"The Evil Dead" as experimental film

The thing in the cellar: Ellen Sandweiss as the possessed Cheryl in The Evil Dead.

Ah, The Evil Dead (1983, dir. Sam Raimi)—the movie that asks the question, “what would you and your buddy do if your girlfriends were suddenly transformed into murderous demons?”  I’ve loved The Evil Dead ever since I first saw it on late-night cable TV as a kid.  I was fascinated by just how extreme its use of gore was, and even at that relatively young age I somehow understood that it was also hysterically funny, to the point that I was moved to giggle along with the possessed Linda (Betsy Baker) when she begins to taunt her boyfriend Ash (Bruce Campbell) in a sing-song voice (“we’re gonna get you…”). 

I’ve previously written about Evil Dead II as a physical comedy that draws on the conventions of slapstick and Looney Tunes.  The comedy of the first Evil Dead film is less balletic, and has more to do with the pleasures of the “gross-out.”  In his book Laughing Screaming William Paul puts the horror films of the 1970s and 80s into conversation with the raunchy teen comedies  from the same era (Animal House, Porky’s, Revenge of the Nerds) in order to argue for a sense of continuity between the two genres.  Curiously, Beard doesn’t discuss the Evil Dead films, even though they would seem to be ripe for interpretation along these lines.  The funniest moments in The Evil Dead are also the grossest, and they tend to involve Ash taking shots of blood, pus, or demon bile, including some sort of bluish substance, to the face.  It’s possible to interpret these scenes as examples of the horror genre’s disgusted fascination with bodily fluids—and the female body in particular—but they also derive from a long-standing comic tradition in which the defilement of Our Hero’s face via whipped-cream pie, urinating baby, or fake-flower-that-sprays-water is a source of juvenile amusement.  (As a running gag, this culminates in the brilliant final shot in which Ash appears to get slugged in the face with the camera itself.)    

Facial shots: Ash (Bruce Campbell) splattered with the blood of the decapitated Linda.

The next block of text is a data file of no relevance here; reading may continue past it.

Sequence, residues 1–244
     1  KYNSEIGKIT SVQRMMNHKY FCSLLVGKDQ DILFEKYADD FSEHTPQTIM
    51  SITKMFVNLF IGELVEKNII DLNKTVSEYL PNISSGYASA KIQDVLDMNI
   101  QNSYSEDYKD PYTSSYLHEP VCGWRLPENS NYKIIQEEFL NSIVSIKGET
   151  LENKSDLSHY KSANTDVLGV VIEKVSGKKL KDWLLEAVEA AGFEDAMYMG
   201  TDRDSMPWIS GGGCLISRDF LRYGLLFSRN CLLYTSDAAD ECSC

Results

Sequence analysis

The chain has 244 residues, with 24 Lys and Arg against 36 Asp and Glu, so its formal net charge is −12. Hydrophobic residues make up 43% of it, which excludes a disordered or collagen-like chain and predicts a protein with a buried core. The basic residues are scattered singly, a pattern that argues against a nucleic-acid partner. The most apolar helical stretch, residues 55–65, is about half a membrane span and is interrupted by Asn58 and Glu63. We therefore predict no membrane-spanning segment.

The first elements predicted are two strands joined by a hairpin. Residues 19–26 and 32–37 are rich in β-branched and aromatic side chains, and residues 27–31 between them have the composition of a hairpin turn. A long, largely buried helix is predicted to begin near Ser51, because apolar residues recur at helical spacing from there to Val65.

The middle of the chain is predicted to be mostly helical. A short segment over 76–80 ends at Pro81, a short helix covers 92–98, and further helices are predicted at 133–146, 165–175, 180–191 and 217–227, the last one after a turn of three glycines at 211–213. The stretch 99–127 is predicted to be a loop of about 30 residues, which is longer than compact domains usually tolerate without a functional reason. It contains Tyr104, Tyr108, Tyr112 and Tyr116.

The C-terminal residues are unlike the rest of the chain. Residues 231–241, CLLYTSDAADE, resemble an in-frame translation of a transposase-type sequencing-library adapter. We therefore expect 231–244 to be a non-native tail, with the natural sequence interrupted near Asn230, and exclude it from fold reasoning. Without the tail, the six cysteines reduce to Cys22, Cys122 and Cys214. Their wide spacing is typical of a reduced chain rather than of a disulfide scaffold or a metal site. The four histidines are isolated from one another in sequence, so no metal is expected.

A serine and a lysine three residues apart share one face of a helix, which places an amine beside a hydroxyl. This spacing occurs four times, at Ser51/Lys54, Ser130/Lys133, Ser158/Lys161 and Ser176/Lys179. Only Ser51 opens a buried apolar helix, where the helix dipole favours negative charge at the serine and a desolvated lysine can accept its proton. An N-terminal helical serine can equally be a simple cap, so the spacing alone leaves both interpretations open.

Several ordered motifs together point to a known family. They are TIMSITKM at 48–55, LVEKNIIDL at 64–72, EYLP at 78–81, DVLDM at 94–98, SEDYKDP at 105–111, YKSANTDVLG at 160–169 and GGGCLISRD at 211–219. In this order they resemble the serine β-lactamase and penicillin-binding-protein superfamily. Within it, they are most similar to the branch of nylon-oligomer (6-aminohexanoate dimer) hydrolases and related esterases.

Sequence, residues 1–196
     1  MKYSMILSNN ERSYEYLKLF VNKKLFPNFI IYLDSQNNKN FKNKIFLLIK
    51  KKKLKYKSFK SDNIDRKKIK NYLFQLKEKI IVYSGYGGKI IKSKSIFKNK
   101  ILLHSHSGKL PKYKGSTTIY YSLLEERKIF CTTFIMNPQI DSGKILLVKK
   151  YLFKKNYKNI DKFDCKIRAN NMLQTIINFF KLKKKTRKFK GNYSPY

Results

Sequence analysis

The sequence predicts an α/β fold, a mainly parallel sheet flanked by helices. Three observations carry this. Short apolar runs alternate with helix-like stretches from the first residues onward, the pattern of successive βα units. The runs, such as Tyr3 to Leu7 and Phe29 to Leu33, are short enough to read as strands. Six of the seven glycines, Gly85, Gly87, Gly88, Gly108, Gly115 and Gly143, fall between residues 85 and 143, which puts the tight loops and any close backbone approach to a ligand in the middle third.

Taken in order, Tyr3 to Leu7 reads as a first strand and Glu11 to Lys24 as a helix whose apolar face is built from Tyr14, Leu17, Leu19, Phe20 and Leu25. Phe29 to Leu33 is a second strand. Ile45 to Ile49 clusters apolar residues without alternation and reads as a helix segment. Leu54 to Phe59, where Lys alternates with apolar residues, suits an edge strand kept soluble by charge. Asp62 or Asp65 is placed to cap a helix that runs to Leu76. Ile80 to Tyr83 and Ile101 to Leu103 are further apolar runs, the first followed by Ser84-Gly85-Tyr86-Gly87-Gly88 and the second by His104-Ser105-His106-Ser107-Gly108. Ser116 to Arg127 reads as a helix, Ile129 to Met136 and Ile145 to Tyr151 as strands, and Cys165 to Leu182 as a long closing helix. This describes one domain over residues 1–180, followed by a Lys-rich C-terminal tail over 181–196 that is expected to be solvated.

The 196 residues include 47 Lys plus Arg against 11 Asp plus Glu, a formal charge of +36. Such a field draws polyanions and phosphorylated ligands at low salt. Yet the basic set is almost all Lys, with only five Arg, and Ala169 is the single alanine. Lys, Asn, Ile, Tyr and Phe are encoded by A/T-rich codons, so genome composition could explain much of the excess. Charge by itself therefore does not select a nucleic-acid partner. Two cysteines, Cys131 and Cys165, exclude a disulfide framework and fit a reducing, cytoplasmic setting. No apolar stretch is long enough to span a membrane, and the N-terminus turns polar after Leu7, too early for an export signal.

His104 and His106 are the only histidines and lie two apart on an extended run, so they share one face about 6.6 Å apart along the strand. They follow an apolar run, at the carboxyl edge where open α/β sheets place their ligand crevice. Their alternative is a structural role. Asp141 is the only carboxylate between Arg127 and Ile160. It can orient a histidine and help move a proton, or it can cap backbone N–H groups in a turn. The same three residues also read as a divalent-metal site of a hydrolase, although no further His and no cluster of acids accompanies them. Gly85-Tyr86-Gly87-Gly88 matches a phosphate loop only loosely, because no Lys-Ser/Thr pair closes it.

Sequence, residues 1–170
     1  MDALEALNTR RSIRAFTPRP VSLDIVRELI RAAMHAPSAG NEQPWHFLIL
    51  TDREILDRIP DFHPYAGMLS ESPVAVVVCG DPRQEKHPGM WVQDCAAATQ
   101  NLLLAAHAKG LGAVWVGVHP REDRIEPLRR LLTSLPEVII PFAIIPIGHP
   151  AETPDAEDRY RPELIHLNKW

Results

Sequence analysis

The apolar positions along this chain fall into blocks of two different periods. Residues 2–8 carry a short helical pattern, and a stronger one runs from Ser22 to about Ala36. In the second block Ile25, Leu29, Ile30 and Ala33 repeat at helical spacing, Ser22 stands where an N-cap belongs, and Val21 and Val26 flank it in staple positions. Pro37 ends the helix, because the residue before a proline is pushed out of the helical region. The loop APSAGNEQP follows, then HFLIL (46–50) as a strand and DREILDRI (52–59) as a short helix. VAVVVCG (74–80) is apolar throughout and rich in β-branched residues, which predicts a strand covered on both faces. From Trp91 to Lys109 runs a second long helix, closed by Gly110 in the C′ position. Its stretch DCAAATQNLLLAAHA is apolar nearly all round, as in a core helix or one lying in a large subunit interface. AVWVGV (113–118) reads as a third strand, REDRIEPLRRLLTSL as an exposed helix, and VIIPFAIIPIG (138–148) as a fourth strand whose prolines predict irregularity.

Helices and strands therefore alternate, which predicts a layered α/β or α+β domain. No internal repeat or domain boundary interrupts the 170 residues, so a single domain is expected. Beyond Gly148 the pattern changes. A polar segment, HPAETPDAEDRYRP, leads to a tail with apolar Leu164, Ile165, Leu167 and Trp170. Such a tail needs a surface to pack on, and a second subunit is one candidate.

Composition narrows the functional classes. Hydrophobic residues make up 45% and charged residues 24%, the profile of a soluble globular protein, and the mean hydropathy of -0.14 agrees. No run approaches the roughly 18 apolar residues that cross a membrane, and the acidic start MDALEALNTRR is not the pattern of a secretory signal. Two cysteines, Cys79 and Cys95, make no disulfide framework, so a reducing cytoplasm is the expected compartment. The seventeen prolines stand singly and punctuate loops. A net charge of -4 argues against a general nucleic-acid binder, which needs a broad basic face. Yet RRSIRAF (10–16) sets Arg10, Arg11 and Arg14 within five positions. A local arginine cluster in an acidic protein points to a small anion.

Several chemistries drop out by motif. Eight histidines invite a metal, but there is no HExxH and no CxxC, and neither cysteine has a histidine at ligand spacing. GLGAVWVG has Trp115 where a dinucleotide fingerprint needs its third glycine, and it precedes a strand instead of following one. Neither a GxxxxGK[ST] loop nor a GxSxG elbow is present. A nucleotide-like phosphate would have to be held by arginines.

But I also love The Evil Dead for being borderline experimental in its rejection of narrative logic altogether.  There’s a point around the three-quarter mark when the film becomes so digressive that it achieves a state of delirium, one that I suppose is meant to mimic that of Ash himself.  Having ventured down to the cellar in search of shotgun shells, Ash comes upon what looks like a leaking sack of blood suspended from the ceiling by a rusty pipe. What it is or why it’s there doesn’t seem to matter; it exists solely as yet another opportunity to watch him get drenched.  Raimi follows this up with close-ups of blood pouring from electrical outlets and seeping into a light bulb; an old Victrola winds itself up on its own accord and starts playing a Charleston; Ash finds himself caught in the beam of a haunted film projector, and as blood streams across the lens it casts its silhouette upon the screen.  An earlier scene approaches the same level of abstraction when, as Ash’s buddy Scott proceeds to dismember the undead body of his girlfriend Shelly, Raimi uses a red gel to make it seem as if the entire camera is awash with blood.  At these moments the narrative thread of the film becomes thrillingly, nauseatingly lost.  We’re no longer preoccupied with a narrative situation (what would you and your buddy do if your girlfriends were suddenly transformed into murderous demons?); we’re adrift in the blood-soaked world of Raimi’s unconscious.

Pure abstraction.

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